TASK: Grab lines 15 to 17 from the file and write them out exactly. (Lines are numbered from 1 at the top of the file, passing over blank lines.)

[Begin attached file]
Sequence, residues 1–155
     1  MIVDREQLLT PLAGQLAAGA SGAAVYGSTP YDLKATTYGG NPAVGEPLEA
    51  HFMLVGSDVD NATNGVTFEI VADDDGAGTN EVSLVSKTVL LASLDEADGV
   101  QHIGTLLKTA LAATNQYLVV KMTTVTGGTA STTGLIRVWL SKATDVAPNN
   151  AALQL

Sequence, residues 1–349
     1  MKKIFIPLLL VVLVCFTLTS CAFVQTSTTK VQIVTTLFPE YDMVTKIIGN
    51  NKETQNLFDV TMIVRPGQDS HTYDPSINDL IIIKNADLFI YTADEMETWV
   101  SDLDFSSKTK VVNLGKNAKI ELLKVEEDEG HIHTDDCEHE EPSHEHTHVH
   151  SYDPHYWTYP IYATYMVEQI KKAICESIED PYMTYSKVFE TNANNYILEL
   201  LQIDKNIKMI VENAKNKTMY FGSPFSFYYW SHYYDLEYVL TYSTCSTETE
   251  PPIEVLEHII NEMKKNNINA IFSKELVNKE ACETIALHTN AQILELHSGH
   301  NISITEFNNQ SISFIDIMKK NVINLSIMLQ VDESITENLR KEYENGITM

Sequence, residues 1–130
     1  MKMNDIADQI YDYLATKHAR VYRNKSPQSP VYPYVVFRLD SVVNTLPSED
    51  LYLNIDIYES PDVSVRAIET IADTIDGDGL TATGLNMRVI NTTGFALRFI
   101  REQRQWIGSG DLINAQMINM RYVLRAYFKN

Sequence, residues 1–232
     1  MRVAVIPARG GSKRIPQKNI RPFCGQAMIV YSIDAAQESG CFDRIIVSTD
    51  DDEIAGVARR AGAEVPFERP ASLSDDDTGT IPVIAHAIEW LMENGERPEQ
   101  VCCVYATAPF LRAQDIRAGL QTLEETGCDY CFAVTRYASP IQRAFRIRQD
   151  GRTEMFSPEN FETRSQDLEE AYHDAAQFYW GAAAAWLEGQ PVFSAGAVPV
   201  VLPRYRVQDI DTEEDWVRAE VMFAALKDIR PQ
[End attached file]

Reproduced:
     1  MKMNDIADQI YDYLATKHAR VYRNKSPQSP VYPYVVFRLD SVVNTLPSED
    51  LYLNIDIYES PDVSVRAIET IADTIDGDGL TATGLNMRVI NTTGFALRFI
   101  REQRQWIGSG DLINAQMINM RYVLRAYFKN